Numbers of canoes came alongside early in the morning, the greatest part of which were of Scoteye's tribe which is all up here. With them came Scotseye, his brother and son: the son we permitted to come on board; the others (to sharpen their inclination and to avoid suspicion) we refused to admit till we had done trading, telling them we were afraid to have too many on deck. This increased their earnestness to come on board, and they promised in we would admit them to make all their tribe trade and likewise all the Chebbaskah tribe whose chief they call Shakes. A smart trade ensued and by 10 O'clock we bought a hundred skins and upwards. We do not intend to seize them till tomorrow that we may have an opportunity of getting all the skins the place affords, as we shall be forced to quit the place (as soon as we have made them prisoners) on account of their tribe who, no doubt, will make every exertion by force of arms to release them. About 11 O'clock a large canoe of Cockatlanes entered the harbor, which made us fearful (with which all the tribe was acquainted) would be discovered to Scotseye; but the enmity of the tribe was so great against this villain, that though they well knew he stood upon the brink of destruction, and one word from these people could save him, yet they would not do it, but told us they would not mention it, and so far from it, they would assist us in deceiving them, which they did by declaring we were an English vessel. About 1o'clock when it was high tide all the canoes left us that they might get up to the village, promising to return again tomorrow. We, however, find that we have got all their skins, and if Scotseye =, therefore, should have the ill fortune from these Cockatlanes who we are and return tomorrow, we shall certainly put himand his brother to the inconvenience of a passage to Kaiganee, and make them a present to Cow who will not fail to reward them according to their merits.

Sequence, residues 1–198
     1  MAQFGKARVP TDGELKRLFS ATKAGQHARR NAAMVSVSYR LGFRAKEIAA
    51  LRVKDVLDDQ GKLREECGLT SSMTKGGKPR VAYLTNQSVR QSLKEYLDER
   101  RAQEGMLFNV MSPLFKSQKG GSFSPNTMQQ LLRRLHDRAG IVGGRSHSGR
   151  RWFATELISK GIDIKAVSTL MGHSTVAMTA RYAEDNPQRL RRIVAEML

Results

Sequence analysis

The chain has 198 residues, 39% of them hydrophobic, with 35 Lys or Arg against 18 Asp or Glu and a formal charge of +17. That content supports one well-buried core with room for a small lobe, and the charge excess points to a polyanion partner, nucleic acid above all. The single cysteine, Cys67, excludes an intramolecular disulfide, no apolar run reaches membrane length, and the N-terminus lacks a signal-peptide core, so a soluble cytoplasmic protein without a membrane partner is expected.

In the afternoon we perceived one canoe after another coming round the point of the Northern side of the river, and even found they were going to shift their habitation to a low spot opposite the ship. By night their huts were all erected and there appeared to be about two hundred people at the place. This tribe of Cumshewaw speak the same language as the Kaiganese without any difference that could be perceived. The Chabbaskah people speak one that is only used by their own tribe and is not the least analogous to any other language on the Coast. It is so guttural that we did not make the least attempt to speak or learn it, and our poor pilot seemed often to be much distressed at being obliged to reduce his sounds so much into himself. This tribe is considerably large: we, however, did not see much more than half of them, owing to their being at war with one another, the occasion of which we could not learn the particulars of.